As a result of all this, you get stories with colour, humanity and all that guff, what such journalists consider 'good writing'. Development journalism then becomes journalism about 'saintly' individuals. You write about a person who studied in a top-flight management institute and has then been working in a rural area for three years. All the while, you are forgetting about the people who have been living there all their lives. So all we end up doing is romanticising another middle-class person. Unfortunately, this is also acceptable to newspaper editors – 'Okay, a middle-class role model, I'll give it some space.'
Then again, many times development journalism becomes a vehicle to promote the agenda of donor agencies. There is a point beyond which desperate hope turns into fantasy. Look at the amount of junk written in the past twenty years on micro-finance: they all refuse to look at the underside of micro-finance. Andhra Pradesh has now passed a law restricting the interest rates of micro-finance groups. In 2006, then-Chief Minister Rajashekhara Reddy said on the floor of the house that these people are worse than moneylenders. But have you read any 'development journalism' story on this? Micro-finance is a classic example of journalists catching the wrong end of the stick.
Is something wrong with our media education, then?
Media education has become better in some respects, but has become worse in other respects. Today there are journalism schools, like the Asian College of Journalism in Chennai or Sophia's in Bombay, that specifically make students look at something called 'deprivation'. Ten years ago this didn't exist, so this is an advance. After all, you can't be a journalist on the Subcontinent without understanding deprivation.
But on the flip side, media education has become highly commercialised. There are huge numbers of fly-by-night schools that are investing millions of rupees in advertising and luring innocent kids to join them, paying several lakhs a year to learn nothing. Many schools don't have a single full-time journalist on their staff. Another bad trend is this new degree course called Bachelor of Media Studies or Bachelor of Mass Media. Journalism used to be a post-graduate diploma course. But now you're taking kids straight out of school and, after a BMS, sending them to cover Parliament proceedings. These are kids who have never studied political science or any social science. These are bright kids, and we're cheating them by doing this. Like the media itself, media education is now big business – it's a huge media-baron fiefdom.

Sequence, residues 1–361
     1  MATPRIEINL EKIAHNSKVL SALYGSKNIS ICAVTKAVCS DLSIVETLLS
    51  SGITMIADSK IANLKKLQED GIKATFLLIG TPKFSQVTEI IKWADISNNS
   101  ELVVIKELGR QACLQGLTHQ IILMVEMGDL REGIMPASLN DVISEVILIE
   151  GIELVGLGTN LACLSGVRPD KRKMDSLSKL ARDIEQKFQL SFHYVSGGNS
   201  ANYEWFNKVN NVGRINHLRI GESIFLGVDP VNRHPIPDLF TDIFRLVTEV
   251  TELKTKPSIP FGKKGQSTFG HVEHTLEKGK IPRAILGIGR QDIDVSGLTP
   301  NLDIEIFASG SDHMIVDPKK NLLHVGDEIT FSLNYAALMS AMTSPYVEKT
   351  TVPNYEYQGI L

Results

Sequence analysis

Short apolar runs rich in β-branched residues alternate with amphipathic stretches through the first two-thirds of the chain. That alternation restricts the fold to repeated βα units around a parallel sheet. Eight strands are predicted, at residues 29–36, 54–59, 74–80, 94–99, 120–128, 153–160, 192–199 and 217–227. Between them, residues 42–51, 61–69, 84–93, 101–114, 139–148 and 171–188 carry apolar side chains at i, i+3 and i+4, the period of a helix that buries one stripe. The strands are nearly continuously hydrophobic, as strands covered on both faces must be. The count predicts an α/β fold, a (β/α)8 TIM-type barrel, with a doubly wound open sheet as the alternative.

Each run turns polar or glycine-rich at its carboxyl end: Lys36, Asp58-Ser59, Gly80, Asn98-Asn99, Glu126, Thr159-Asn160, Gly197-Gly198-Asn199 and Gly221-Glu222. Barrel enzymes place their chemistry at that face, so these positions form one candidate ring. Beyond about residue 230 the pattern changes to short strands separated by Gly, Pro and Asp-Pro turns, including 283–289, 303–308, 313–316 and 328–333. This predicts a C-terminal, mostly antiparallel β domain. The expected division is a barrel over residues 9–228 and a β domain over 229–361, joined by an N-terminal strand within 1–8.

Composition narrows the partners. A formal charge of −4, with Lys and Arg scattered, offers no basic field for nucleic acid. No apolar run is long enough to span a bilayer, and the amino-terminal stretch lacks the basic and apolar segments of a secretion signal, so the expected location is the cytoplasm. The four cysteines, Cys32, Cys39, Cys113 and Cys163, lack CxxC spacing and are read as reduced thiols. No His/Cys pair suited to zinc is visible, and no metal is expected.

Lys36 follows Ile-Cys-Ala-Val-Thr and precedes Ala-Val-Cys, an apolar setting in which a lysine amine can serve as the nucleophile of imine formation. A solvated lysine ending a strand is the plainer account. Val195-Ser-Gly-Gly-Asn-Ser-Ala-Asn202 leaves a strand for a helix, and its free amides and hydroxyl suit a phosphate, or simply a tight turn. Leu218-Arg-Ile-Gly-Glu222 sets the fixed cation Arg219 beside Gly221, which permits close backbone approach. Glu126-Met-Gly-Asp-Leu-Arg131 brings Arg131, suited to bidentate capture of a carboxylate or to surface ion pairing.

Can you draw a link between the lack of priority given to covering deprivation and the spread of armed resistance across rural India?
The equation does not hold. Deprivation is getting no coverage in many areas where there is no armed resistance at all, and coverage in areas where there is. But these sort of convenient connections don't work. In Vidarbha in Maharashtra, for instance, the Maoists are active in two districts, both of which are outside the agrarian crisis belt of six districts. Now, there is deprivation in all of these districts. So the unilinear 'deprivation not covered = armed resistance' notion won't stick.
Can there ever be symbiosis between commercial media interests and journalism that is responsive of the people's real needs? Can an alternative media model be devised?
I hate talking about 'alternative media'. Why would I want to give up my toehold in the mainstream? That's where the 'development journalism' ghetto begins. Of course I will write for small magazines and little newspapers, but I will also continue to fight in the mainstream. Doing only one or the other is not really a choice – one must fight on all fronts.
There are some large gaps in legislation governing the media in India today. There is no law against cross-ownership, for instance, or against oligopoly. Also, the current advertisement-revenue-driven model is unsustainable in the long run. Circulation is extremely important. And then it's problematic to be obsessed with revenue 'models'. Did Shakespeare have one, did Kabir have one? But they are still read today. Journalism whose tenor is determined in advance by the revenue model will never be important, never amount to much. Of course, a revenue model is important, but when you try to determine that before determining anything else, you're going nowhere.
It's not about good guys reforming the bad guys. The media are oligopolistic, profit-at-any-cost, and have interests in every sector. There are much bigger battles needed even while we fight the guerrilla warfare within. You have to end monopolies. you have to see that a handful of owners can't control the eyeballs, ears and reading of a whole nation.
Small journals and local newspapers have a critical role to play. They can provide space for stories that the commercialised national media is not willing to cover. Besides, in our wired world, the big media gives a lot of space to global events, to national events, and a lot of other good material gets blanked out. It is here that small journals can make a huge difference – they can do rural reportage that the national big media can't or won't.